All in all, I had a great experience with Turkish healthcare. Some things were a little inconvenient or didn’t make since to my western mind, but everything that needed to get done was accomplished. Akdeniz University was great, the rooms were clean, the staff was friendly and helpful and now I have a brand new foot that I am looking forward to using. We’ll see how things progress over the next few weeks…

Wednesday, January 26, 2011

Life in Turkey: Ankle Surgery & Recovery

I’m finally home from the hospital after ankle surgery and a 3 day stay. I’ve got a lot to say about the experience of being in a hospital in Turkey, but I’ll save that for a different post. If you are wondering how I hurt my ankle to begin with, let's just say an adventurous spirit, a parachute and rocky terrain, and a nasty fall from the back of a jeep got the best of me.


This is a few hours after surgery. 

This is the first time I’ve ever had any kind of operation or hospital stay. I think its funny that my first time was in Turkey. I have to say that as I was doing all my pre-surgery prep and doctors visits, I was very thankful that I’ve never had any major health problems and that as a whole I am a healthy person. It motivates me to continue taking care of myself and look for ways that I can do an even better job as I move forward.

My orthopedic doctor, Dr. Yetkin, at Akdeniz University Hospital in Antalya was amazing. I had a million fears of miscommunications and what I might experience in Turkey, but he proved me wrong. He is an intelligent and gentle man that made me feel very comfortable with the procedure and his expertise.

For those not so faint of heart, here are a few pics of my ankle about 24 hours after surgery.








I'm home now and for the next 2 weeks, I'm bound to crutches, ice and pain/anti-inflammatory medication so that I can move on to physical therapy.  I'm not one to sit still so these next couple of weeks will be a little rough, but looking forward to the long term results.

Wednesday, January 12, 2011

RAWRR!!

This is a story of my 3 year old niece.  The other day she and her daddy were having down time together and my niece lied to him when he asked her a question. He knew she was not telling him the truth and she continued to lie to him when he asked her the same question several times.

Finally, frustrated that she continued to bold face lie, he asked her "Are you lyin' to me?"  My niece sat there a second and her daddy could tell she was processing something in her mind as she looked out of the corner of her eye. After a few seconds, she turned to him and said "RAAAWWWRRR!!" and roared at him, just like a lion.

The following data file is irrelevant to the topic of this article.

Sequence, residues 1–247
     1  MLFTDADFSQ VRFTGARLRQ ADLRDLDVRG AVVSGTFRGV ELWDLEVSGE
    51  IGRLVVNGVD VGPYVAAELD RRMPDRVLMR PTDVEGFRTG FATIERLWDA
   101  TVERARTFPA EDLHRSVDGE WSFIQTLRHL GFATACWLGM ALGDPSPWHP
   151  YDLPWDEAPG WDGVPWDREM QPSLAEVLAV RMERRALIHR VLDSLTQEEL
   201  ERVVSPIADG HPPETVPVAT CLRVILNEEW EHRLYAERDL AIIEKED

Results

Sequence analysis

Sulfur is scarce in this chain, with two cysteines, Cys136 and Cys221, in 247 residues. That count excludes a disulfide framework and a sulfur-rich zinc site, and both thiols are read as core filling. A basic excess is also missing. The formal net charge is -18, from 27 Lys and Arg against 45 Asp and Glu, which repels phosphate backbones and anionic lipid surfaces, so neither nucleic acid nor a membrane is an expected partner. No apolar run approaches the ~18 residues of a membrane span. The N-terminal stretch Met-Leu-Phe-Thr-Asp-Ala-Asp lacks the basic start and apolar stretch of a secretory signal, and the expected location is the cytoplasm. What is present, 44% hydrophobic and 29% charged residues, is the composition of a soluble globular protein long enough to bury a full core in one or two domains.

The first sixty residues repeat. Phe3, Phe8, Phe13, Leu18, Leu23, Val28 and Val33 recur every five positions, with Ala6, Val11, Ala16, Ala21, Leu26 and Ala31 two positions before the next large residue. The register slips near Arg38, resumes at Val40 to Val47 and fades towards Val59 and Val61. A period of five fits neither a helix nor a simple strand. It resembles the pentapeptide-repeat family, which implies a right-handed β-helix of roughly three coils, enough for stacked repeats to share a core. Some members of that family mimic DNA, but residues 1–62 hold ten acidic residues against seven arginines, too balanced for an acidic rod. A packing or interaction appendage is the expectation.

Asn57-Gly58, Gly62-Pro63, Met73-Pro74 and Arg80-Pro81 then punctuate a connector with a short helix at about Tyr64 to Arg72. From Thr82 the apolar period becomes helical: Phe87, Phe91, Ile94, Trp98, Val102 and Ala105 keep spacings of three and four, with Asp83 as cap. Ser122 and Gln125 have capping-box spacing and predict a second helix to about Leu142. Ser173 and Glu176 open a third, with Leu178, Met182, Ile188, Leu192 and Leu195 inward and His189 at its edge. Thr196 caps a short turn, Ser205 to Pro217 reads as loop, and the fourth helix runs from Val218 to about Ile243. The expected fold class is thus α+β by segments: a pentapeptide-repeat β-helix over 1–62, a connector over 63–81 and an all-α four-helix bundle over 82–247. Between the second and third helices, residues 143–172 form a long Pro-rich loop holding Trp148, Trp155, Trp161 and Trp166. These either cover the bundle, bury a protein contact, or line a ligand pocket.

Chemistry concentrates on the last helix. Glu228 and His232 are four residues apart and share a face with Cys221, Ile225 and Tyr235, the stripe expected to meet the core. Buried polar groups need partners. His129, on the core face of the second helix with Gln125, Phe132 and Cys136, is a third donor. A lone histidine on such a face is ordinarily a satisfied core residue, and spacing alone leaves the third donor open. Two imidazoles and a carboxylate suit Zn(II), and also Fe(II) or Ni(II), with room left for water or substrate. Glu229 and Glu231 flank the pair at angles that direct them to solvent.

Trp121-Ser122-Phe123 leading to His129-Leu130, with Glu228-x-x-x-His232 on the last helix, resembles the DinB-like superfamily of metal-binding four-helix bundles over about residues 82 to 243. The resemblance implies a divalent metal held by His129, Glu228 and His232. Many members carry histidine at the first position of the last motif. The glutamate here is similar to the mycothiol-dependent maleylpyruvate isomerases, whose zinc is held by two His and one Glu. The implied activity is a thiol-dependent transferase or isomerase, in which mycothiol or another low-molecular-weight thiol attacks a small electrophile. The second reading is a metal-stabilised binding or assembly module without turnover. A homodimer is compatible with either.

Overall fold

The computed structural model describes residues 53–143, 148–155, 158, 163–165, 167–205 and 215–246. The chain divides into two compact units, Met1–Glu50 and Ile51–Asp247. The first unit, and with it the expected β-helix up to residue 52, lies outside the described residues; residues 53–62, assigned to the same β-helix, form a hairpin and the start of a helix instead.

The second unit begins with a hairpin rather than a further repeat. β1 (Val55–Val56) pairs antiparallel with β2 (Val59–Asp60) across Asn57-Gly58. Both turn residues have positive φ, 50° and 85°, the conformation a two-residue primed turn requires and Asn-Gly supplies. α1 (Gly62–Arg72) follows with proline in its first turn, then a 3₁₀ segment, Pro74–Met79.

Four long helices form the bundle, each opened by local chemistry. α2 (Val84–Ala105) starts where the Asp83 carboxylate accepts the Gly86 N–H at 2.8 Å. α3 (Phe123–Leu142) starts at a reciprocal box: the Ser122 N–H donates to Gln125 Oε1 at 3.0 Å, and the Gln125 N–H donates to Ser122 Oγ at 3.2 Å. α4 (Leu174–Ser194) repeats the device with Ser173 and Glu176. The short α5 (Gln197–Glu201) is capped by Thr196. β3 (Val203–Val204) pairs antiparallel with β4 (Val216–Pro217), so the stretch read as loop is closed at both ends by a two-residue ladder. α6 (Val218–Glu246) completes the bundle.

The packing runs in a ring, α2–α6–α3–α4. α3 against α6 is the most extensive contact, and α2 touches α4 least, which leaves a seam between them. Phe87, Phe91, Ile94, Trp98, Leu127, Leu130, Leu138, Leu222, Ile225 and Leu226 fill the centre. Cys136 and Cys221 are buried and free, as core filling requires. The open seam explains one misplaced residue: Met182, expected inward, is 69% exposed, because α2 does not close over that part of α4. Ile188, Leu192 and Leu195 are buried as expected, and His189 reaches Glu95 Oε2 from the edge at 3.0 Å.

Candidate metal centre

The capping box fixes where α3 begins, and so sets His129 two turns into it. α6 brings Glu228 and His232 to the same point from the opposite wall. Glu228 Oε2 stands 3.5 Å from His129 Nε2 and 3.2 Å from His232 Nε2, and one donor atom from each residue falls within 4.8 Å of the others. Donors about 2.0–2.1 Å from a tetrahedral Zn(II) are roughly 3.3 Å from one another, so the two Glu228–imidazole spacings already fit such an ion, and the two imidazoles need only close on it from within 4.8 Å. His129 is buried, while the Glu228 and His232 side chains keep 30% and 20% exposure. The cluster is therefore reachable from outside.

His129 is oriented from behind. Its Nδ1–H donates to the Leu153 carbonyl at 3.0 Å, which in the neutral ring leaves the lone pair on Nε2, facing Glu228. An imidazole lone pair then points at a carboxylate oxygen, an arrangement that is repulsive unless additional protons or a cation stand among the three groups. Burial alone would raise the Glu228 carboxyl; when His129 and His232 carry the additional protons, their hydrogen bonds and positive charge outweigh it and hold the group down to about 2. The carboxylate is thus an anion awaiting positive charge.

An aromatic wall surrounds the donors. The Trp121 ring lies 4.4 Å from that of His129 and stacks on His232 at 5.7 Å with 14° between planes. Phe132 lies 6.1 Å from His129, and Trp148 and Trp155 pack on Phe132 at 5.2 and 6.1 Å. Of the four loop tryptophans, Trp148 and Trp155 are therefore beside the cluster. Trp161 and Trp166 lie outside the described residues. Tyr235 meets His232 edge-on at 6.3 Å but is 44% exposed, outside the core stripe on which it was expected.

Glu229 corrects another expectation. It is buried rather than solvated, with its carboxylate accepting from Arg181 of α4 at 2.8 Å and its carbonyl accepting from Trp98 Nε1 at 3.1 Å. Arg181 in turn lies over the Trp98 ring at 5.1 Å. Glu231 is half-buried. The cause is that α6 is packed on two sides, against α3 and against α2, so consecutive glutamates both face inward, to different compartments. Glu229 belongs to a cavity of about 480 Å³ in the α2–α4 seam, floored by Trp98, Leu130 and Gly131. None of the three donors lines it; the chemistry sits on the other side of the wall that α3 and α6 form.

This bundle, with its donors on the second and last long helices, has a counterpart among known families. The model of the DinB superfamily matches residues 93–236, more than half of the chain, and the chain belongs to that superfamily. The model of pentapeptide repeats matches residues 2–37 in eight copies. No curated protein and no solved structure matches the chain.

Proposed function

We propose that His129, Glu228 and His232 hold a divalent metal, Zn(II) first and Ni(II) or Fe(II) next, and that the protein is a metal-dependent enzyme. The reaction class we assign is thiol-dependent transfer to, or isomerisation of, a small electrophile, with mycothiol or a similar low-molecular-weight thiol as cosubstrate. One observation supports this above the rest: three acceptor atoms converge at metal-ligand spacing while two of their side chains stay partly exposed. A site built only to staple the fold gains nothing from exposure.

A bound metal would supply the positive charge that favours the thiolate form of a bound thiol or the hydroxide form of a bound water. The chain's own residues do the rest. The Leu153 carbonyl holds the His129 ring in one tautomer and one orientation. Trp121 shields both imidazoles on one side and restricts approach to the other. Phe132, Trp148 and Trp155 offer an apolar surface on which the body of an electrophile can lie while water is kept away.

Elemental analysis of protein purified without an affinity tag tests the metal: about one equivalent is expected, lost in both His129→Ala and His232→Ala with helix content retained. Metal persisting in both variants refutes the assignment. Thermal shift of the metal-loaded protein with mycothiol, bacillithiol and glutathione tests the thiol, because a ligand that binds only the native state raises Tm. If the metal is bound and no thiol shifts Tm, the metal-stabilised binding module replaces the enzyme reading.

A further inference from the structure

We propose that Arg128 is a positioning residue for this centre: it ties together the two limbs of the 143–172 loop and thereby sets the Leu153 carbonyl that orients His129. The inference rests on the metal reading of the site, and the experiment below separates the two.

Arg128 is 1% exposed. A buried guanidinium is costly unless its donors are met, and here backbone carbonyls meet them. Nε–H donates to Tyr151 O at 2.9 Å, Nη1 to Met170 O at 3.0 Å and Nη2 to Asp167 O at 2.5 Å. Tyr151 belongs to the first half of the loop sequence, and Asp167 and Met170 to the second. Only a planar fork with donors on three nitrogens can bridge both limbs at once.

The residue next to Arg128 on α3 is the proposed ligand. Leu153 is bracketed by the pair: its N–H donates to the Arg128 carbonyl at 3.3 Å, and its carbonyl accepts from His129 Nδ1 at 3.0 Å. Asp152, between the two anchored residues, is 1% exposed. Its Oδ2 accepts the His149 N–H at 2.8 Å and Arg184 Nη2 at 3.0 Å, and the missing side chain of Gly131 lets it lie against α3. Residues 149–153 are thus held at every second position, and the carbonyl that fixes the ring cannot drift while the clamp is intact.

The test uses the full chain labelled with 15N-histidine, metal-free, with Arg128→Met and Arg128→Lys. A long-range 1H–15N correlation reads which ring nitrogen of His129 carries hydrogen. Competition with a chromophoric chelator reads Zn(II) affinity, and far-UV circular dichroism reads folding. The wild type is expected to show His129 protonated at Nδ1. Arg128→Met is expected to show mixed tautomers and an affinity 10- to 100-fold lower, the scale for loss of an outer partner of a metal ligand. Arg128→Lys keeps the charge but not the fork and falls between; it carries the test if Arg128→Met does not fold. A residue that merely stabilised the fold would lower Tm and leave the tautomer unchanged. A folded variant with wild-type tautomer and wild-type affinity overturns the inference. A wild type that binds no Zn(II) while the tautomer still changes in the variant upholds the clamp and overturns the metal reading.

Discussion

My niece is creative! But, I guess she did answer the question...

Sunday, January 09, 2011

Whirlwind Turkey Trip

While my sister and brother-in-law were here, we took them to some of our favorite places and well as a few places we hadn't been before. Here are just a FEW of the photos around Antalya and Istanbul on their whirlwind 7 day trip to Turkey. We are SO glad they came to visit.  Next time, we will make it to Cappadocia!


Aspendos


 Inside the Hagia Sophia



 Outside the Blue Mosque with the Hagia Sophia behind us. It was coooold...



 Jumping at Mt. Tahtali



Dancing at Termessos



 The Animal cooking fish for everyone.



My Sister & Her Hubby :)


Walking into the Blue Mosque


The Changing of the Guard at Dolma Bahce Palace

Thursday, January 06, 2011

PomPom Wreath

Since my sister and her husband were coming for Christmas this year, I figured I better do a few extra things to decorate around the house.  I wanted to find a wreath I could make with materials I could find in Turkey and I ended up making this pompom wreath.


I made what felt like a million pompoms and tied the pompoms to a styrofoam circle. I also made a few extra smaller pompoms and made some pompom garland that turned out pretty cute if I do say so myself.

I found the wreath directions at Urban Outfitters DIY blog site. The only thing I had to do different was cut my own styrofoam circle to start the wreath because they don't have straw wreaths here.

I had a lot of fun making this and it was easy to do.

Tuesday, January 04, 2011

Termessos


People wonder what is so wonderful about Termessos, an ancient city set up in the Taurus Mountains of Turkey. I am a little partial because this is the place Enes proposed to me, but this view is Amazing!